The financial self-reliance of South Korea's local administrations has deteriorated over the past 13 years due to increasing dependence on subsidies from central government, a report showed Tuesday.
The so-called financial independence ratio of the nation's municipalities was 52.5 percent in 2016, down from 56.3 percent in 2003, according to the report from the Korea Institute of Local Finance.
The figure measures the portion of money local governments raise on their own to finance their operations and administrative projects.
The report said the drop is probably attributable to an increase in projects subsidized by central government and a decline in self-financed ones.
The proportion of subsidized projects to total undertakings exceeded that of self-financed projects in 2013 for the first time at 41.6 percent.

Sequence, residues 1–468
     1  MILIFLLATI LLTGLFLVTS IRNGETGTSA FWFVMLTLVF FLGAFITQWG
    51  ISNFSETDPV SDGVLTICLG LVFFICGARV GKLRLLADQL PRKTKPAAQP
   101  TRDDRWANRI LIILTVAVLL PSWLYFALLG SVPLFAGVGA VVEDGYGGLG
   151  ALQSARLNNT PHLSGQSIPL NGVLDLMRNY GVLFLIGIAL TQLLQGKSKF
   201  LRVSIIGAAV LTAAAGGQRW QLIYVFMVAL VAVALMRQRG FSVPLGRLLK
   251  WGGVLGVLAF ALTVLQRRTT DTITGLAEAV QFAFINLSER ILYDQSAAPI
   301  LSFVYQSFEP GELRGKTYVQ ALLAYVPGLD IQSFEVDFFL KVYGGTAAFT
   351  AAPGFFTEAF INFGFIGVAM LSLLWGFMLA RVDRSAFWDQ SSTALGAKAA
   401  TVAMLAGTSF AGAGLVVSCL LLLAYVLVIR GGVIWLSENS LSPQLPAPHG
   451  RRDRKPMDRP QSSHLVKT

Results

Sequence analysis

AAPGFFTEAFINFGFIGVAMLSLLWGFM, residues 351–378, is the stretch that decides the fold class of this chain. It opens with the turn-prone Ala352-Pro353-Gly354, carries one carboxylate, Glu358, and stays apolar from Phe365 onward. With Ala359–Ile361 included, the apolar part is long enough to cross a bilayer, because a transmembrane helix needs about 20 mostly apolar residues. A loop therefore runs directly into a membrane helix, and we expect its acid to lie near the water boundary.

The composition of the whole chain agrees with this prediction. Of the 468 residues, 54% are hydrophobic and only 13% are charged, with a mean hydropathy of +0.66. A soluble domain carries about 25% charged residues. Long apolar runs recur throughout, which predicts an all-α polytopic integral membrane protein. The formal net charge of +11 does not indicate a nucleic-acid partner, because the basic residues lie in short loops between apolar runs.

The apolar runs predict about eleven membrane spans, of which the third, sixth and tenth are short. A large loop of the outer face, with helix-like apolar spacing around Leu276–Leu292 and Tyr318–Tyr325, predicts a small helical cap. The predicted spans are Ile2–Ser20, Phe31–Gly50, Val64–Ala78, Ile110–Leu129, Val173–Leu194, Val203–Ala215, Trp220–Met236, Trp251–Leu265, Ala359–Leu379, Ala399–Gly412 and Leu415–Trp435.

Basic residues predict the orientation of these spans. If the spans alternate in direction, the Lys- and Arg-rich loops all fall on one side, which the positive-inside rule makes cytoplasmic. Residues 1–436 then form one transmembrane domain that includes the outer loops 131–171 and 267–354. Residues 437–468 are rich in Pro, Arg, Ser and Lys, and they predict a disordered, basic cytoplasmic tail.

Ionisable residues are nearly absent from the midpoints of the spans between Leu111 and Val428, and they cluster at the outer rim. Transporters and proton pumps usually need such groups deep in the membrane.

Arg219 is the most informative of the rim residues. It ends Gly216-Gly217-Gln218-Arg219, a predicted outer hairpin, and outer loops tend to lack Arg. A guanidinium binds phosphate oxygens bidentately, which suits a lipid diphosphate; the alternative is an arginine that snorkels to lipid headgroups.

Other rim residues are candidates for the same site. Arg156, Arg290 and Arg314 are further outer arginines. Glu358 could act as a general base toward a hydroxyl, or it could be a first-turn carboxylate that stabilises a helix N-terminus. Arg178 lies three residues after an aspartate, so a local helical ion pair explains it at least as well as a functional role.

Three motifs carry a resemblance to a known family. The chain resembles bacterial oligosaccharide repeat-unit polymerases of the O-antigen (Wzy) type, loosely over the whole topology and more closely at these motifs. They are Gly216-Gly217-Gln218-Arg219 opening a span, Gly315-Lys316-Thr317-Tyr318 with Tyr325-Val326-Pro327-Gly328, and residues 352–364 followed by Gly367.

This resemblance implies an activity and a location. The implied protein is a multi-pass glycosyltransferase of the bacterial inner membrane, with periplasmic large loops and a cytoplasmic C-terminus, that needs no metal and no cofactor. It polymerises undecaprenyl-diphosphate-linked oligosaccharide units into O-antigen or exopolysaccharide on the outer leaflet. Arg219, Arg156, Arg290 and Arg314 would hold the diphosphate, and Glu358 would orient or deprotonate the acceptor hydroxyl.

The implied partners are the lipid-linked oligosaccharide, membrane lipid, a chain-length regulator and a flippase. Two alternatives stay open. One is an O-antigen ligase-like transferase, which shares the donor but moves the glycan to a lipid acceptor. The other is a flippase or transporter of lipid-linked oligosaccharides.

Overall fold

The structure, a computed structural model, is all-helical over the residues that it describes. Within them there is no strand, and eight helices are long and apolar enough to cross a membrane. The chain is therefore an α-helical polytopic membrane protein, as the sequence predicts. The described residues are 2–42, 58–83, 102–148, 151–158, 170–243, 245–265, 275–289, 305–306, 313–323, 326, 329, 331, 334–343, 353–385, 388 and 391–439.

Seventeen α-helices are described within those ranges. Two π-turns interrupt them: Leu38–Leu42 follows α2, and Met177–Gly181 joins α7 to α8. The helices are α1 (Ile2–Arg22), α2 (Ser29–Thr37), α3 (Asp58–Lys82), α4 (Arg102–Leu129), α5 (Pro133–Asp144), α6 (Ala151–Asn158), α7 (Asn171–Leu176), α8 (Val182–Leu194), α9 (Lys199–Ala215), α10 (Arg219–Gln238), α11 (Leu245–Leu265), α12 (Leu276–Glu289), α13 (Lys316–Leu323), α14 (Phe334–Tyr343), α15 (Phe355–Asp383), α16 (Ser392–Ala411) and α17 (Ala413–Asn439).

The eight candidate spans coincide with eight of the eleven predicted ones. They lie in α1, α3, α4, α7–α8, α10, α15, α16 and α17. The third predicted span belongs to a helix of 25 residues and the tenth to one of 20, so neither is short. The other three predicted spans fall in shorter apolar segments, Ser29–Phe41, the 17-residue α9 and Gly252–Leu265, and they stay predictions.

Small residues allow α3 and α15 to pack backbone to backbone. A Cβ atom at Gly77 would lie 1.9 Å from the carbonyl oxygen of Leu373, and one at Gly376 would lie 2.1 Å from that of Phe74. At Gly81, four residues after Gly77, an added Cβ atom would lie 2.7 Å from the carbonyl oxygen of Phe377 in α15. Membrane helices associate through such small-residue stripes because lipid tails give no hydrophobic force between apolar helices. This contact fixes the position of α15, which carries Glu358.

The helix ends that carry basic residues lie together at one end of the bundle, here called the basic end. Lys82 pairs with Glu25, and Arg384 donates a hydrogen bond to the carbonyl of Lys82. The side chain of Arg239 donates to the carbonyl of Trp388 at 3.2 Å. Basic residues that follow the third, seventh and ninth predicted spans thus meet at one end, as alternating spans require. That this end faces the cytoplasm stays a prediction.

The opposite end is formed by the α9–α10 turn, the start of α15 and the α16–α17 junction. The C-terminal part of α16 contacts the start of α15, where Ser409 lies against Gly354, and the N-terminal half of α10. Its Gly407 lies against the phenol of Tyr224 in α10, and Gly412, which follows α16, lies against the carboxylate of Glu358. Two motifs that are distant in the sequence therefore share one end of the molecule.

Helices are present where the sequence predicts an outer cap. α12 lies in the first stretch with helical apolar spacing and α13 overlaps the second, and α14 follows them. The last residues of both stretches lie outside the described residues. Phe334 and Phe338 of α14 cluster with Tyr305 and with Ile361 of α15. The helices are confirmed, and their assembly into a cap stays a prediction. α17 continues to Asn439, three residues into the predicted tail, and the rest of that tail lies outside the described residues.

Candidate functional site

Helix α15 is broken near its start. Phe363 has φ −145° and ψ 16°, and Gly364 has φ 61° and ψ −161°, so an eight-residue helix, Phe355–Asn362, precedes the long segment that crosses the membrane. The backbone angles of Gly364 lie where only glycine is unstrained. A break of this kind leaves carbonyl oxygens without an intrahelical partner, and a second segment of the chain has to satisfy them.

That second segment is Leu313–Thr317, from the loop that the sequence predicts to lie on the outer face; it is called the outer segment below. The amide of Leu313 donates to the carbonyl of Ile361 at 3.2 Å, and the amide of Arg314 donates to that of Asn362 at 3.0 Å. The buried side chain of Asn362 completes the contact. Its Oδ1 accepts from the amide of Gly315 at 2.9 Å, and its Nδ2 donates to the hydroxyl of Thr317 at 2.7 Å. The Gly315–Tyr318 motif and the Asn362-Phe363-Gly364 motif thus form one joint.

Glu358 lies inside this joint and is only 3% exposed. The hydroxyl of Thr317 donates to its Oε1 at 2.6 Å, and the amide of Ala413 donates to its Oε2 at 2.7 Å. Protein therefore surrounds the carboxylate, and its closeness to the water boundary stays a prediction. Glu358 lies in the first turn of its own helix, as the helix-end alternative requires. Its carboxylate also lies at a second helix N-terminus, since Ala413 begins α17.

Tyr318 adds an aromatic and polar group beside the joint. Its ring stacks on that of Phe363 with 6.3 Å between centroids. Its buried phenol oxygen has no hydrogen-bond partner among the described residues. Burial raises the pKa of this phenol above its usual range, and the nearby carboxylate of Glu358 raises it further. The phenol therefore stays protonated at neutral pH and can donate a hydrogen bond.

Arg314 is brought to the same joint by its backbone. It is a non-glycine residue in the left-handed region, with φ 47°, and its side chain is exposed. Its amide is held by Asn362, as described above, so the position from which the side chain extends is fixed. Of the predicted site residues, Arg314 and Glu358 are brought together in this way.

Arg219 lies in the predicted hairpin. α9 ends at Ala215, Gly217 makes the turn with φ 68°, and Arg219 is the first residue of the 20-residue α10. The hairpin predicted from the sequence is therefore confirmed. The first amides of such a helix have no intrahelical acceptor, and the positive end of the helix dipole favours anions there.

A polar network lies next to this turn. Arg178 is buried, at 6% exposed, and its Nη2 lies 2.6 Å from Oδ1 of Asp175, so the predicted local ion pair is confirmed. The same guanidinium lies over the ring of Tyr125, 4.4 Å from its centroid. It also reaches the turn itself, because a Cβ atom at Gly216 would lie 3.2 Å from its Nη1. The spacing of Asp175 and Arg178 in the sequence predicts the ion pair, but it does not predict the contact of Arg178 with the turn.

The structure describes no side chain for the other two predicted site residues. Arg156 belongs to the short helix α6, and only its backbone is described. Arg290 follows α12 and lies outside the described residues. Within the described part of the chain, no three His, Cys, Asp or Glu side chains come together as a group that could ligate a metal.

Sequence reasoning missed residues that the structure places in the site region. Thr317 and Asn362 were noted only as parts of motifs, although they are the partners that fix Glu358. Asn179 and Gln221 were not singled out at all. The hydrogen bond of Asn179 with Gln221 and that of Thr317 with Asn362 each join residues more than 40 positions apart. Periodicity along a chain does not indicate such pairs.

"Provincial governments have increasingly resorted to subsidies from central government instead of trying to increase their own revenue by increasing flexible rates on some local taxes, resulting in a worsening financial independence ratio," said Kim Pil-heon, a researcher at the institute.
"The heads of local governments or local councils are not active in raising local taxes out of concern over tax resistance or political disadvantages."
The researcher advised local governments to jack up the local consumption tax to help expand their revenue base, estimating a 1 percent rise would increase their revenue by about 400 billion won.
The report comes against a backdrop of the Moon Jae-in administration's vow to pump up efforts to boost the financial independence of local governments as well as to cede more administrative powers to them.
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